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Summer program builds confidence for college

August 8, 2012 5:45 AM

Alicia Duplessis Jasmin
aduples@tulane.edu

Coupling college-level courses with a taste of on-campus life is a proven recipe for easing students into institutions of higher education. Since 2001, a Newcomb-Tulane College Summer Transition Program has consulted that recipe to arm local high school students with everything they need to know about the ins and outs of college.

Molix workshop

Participants in the 2012 summer transition program attend weekly workshops led by faculty mentors. Here, Lisa Molix, assistant professor of psychology, talks to high school students about conducting academic research. (Photo by Paula Burch-Celentano)


Rising high school seniors are selected for admission to the Summer Transition Program through a vigorous application process that includes an evaluation of transcripts, SAT/ACT scores, letters of recommendation, extracurricular activities and essays. Once admitted, students gain the feel of campus life by spending the summer living in campus residence halls at Tulane University while they are enrolled in English and precalculus courses.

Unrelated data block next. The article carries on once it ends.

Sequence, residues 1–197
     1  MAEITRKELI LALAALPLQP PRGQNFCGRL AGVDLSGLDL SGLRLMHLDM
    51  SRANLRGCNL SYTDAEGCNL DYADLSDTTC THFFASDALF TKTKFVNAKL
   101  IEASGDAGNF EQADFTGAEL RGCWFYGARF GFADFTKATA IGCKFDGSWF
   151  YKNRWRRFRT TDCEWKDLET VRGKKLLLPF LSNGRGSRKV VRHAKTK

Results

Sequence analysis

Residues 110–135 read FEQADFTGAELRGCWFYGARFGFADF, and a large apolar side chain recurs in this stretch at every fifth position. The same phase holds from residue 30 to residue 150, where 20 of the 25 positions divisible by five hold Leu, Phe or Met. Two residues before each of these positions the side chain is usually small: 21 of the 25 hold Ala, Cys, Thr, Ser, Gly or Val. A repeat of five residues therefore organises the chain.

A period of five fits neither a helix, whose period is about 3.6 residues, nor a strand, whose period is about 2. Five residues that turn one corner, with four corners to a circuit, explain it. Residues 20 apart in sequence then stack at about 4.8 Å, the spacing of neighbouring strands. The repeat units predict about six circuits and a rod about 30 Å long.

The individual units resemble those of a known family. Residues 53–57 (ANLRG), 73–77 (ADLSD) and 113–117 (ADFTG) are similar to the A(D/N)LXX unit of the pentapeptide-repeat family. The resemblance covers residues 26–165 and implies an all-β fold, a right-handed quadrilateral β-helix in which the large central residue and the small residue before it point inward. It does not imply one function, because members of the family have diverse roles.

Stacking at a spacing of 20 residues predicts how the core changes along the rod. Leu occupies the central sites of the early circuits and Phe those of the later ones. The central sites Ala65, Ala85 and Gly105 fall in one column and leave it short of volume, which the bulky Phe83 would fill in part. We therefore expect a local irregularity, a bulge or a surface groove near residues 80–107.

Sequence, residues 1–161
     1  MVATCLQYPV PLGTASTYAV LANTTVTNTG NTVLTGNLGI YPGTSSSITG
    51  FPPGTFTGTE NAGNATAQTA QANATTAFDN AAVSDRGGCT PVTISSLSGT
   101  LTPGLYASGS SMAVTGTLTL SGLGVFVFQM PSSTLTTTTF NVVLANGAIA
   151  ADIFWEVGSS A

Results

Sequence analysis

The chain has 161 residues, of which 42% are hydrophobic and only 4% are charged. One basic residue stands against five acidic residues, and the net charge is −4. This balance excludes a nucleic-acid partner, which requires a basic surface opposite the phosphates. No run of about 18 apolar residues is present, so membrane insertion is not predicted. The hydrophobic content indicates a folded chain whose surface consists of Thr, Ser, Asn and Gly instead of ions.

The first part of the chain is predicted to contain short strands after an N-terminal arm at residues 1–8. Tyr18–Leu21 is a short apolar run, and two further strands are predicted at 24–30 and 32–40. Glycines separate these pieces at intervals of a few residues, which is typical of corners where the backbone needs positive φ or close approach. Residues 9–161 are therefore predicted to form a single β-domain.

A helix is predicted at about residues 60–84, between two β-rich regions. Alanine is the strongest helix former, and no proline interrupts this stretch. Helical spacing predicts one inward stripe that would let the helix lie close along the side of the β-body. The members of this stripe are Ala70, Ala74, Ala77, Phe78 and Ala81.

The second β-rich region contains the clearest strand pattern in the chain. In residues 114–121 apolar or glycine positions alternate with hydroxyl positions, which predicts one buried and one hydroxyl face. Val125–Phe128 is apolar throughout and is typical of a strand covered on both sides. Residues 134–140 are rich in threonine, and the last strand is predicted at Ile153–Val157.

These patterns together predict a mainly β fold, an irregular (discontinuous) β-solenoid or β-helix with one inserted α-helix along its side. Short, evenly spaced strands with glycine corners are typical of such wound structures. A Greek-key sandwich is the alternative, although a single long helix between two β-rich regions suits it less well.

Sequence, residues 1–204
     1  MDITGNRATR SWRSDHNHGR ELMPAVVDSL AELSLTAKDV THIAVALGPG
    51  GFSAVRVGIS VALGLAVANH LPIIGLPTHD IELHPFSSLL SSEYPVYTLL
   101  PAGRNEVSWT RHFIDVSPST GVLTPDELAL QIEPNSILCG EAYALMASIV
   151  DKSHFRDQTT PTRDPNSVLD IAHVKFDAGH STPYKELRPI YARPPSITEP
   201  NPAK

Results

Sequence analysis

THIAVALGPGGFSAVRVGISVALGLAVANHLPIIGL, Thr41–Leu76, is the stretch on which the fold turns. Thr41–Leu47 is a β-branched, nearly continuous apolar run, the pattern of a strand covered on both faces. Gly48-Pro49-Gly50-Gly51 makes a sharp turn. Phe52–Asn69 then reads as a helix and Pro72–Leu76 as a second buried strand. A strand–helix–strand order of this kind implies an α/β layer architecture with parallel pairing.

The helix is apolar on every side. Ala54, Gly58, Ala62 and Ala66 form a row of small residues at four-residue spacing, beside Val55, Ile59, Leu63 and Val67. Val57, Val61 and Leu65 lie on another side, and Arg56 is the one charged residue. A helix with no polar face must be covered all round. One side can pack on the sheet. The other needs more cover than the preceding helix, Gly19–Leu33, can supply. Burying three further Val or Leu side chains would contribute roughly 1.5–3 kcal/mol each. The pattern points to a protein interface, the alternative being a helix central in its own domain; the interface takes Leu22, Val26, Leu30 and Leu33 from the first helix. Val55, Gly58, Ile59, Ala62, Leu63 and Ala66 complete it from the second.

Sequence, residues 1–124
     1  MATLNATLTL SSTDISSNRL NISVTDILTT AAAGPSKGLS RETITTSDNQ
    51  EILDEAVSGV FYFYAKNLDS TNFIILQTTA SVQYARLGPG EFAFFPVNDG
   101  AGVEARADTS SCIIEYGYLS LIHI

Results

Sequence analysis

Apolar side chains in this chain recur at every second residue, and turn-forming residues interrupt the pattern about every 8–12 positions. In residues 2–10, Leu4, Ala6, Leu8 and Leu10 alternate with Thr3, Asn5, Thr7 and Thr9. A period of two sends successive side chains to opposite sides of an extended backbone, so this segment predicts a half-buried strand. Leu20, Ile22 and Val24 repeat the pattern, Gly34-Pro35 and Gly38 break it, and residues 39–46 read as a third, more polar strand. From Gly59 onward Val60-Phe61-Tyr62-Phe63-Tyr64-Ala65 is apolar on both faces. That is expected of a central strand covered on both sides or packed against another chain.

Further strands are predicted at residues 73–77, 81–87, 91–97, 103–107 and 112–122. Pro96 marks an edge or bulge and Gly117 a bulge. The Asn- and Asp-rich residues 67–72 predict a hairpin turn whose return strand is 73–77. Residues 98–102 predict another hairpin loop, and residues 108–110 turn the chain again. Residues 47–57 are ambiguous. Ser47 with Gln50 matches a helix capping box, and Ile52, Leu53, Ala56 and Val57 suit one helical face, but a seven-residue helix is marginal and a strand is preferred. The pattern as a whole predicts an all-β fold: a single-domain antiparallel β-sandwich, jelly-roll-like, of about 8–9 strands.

Program director Beretta Smith-Shomade says the five-week program differs from similar programs for high school students because it offers much more than just summer activities.

During the summer preceding their senior year in high school this year’s class completed an English course and a non-credit precalculus course. Students who earned a C or better will return this fall to concurrently enroll in a Cultural Anthropology course at Tulane. Finally, with a C or better in the fall course, students are able to take an additional course in the summer following graduation from high school. This results in a nine credit unit jump on their college curriculum.

A secondary goal of the program is to improve the number of Louisiana students as well as the number of students of color enrolled at Tulane.

“If students are successful in each of the courses, they gain admission into Tulane,” says Smith-Shomade. “Admission, however, has not meant financial aid. In most cases, we've been able to work effectively with financial aid to ensure the financial viability of our students to attend Tulane.”

In the program’s 11-year history, an estimated 95 percent of participants continue their education at a four-year college or university. There are currently nine former participants matriculating at Tulane with two new students beginning this fall.


Citation information:

Page accessed: Thursday, November 27, 2014
Page URL: http://tulane.edu/news/newwave/080812_stp.cfm

Tulane University, New Orleans, LA 70118 504-865-5000 website@tulane.edu